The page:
As the nights draw in at this time of year, you may find yourself driving in the dark more often. This should not get in the way of your daily commute or your magical weekend adventures, but being extra careful on the roads when in low light is definitely worthwhile. According to the Department for Transport’s statistics on road casualties, 40% of collisions occur between 7pm and 6am. So, as part of our Be Smart, Be Bright campaign, we’ve put together this handy guide to help you drive safely at night. Whether it’s dark on your daily commute, you’ve got a long night-time drive somewhere or you just fancy picking up a late night takeaway (we’ve all been there!) then these tips should help you drive safe on dark roads.
Light it up!
You may well be doing your daily commute in the dark during autumn and winter, so you’ll definitely be getting more use out of your headlights! Be smart, be bright and be sure to regularly check that all the exterior lights on your car are working, both for your own safety and to avoid getting pulled over by the police. Switch your headlights on before sunset if you’re driving in the evening and turn them off after sunrise if you’re an early morning driver. Be careful not to dazzle other drivers as well, by making sure you’ve adjusted your headlights to the right level and remember to turn your main beam off when cars are coming the other way. When you are driving down dimly lit roads and no one else is ahead of you, then definitely have your full beams on. Also, try not to stare at other cars’ bright lights to avoid being dazzled yourself.
Fend off fatigue
It’s always important to make sure you’re not feeling tired before getting behind the wheel of your car. The Driver and Vehicle Licensing Agency says that up to 20% of accidents on motorways, and other roads where driving can become monotonous, happen because of drivers falling asleep. Driving tired isn’t just dangerous when you nod off however, feeling sleepy can also compromise your concentration levels and cause you to make mistakes. Try not to plan journeys for when you should be sleeping and, no matter what time of day you set off, make sure you’re well rested beforehand. If you get tired when on the road though, such as when you’re on a long journey, then take regular coffee breaks, share the driving if you can and, if all else fails, get to a services and get some shut eye before continuing on.
When it’s dark, your visibility is reduced and it gets a bit harder to spot other road users such as motorcyclists, pedestrians and cyclists – not to mention any animals that could jump out. It’s also a little harder to judge speeds and distances, so things might come up on you a bit faster than you were expecting. To give yourself some extra time to spot any potential hazards, slow down a little bit. Other drivers could be more erratic in the dark too, so going slower can give you some more space from them and slightly more time to react to their actions. Try not to be one of those drivers that speeds up and slows down constantly though – this can be confusing for anyone driving behind you. It’s best to find a consistent speed that you feel safe driving at. Also, just take a few more seconds to look around when you get to a junction so that you don’t end up pulling out in front of another car.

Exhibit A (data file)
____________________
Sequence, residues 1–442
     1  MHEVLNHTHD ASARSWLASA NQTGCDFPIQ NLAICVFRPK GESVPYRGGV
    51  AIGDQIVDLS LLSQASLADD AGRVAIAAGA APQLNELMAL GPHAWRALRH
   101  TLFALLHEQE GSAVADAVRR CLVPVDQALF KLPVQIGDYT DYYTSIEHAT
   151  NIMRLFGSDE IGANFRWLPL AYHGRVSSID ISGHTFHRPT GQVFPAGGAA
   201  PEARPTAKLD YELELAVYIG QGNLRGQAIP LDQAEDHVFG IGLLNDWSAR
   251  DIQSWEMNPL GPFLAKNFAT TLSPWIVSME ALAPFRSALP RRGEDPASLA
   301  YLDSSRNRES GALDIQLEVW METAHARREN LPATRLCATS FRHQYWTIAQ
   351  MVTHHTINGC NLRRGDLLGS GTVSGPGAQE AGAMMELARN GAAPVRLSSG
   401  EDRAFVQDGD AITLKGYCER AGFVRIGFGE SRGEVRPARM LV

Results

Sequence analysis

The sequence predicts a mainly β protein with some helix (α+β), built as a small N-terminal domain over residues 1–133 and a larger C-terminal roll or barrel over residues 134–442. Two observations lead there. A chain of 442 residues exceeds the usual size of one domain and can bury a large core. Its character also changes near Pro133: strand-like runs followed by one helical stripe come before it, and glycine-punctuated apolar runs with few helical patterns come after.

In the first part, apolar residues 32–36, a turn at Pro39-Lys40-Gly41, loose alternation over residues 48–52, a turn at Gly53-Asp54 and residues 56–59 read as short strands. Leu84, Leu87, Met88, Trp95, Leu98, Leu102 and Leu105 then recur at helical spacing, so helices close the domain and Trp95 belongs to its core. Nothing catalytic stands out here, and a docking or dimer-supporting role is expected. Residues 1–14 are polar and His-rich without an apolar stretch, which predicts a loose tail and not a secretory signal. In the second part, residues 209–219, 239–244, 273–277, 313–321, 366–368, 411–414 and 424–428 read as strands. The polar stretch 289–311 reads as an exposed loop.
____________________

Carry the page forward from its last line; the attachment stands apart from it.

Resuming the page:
Get a clear view
Take some time to regularly clean your car windows inside and out to ensure the best vision possible when driving at night. When there are smears on your windscreen, it can increase the glare caused by lights from other vehicles. What’s more, dirty windows tend to be more prone to steaming up, which can make visibility even worse. Streaks and smears may not always be visible during the daytime but can show up more clearly in low light. When your windows steam up, it’s often tempting to clean the condensation from your windows with your hands but the oil from your skin can leave smears behind. Keep a demister pad or a cloth in your door pocket to clean up any condensation or marks.
A bit of extra planning before you set off can go a long way. Starting your journey early can keep you from feeling under pressure to get to your destination on time, so you can avoid any temptation to drive faster. Also, make sure you’ve got a good grasp of what your route is going to be. If you’re driving somewhere new, then turnings and road signs may not be as easy to see until the last minute – that’s even if you’re following your sat nav’s directions. Plus, if you’ve got a long night drive, it’s well worth planning in some rest stops so that you can have a cup of coffee, get some fresh air and recharge at regular intervals.
Dark nights do not have to put a stop to your driving adventures but a lack of driving insurance can; you must be covered to drive on UK roads. Driving safely at night is one of the things we are raising awareness of as part of our Be Smart, Be Bright campaign. At The Insurance Emporium, we offer Third party, Third party Fire & Theft and Comprehensive motor insurance policies* so that you can select a level of cover that suits. Plus, we offer up to 70% no claims discount. If it’ll soon be time to renew your car insurance, contact The Insurance Emporium today!
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